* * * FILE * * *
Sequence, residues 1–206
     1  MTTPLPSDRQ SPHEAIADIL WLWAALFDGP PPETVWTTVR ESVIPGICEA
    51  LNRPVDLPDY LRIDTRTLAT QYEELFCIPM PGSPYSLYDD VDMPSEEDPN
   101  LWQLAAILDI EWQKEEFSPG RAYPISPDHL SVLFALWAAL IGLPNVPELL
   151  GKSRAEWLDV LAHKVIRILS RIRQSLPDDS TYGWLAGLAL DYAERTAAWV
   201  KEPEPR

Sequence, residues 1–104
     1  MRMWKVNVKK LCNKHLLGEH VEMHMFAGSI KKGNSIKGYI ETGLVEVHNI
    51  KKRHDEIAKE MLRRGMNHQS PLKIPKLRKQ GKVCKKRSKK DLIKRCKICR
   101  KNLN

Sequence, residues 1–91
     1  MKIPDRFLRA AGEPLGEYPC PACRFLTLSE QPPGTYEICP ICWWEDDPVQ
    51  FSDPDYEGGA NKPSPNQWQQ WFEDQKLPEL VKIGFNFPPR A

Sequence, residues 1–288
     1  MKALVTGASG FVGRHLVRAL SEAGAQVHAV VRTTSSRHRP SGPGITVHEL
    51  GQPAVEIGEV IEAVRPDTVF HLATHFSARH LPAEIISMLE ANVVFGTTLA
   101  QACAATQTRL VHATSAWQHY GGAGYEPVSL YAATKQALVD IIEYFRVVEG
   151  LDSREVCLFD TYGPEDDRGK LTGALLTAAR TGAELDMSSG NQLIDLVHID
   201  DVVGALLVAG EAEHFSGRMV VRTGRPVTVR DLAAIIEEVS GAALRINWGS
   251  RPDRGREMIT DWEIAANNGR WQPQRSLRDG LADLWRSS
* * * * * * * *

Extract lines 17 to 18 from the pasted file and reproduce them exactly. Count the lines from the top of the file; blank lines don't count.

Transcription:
   101  QACAATQTRL VHATSAWQHY GGAGYEPVSL YAATKQALVD IIEYFRVVEG
   151  LDSREVCLFD TYGPEDDRGK LTGALLTAAR TGAELDMSSG NQLIDLVHID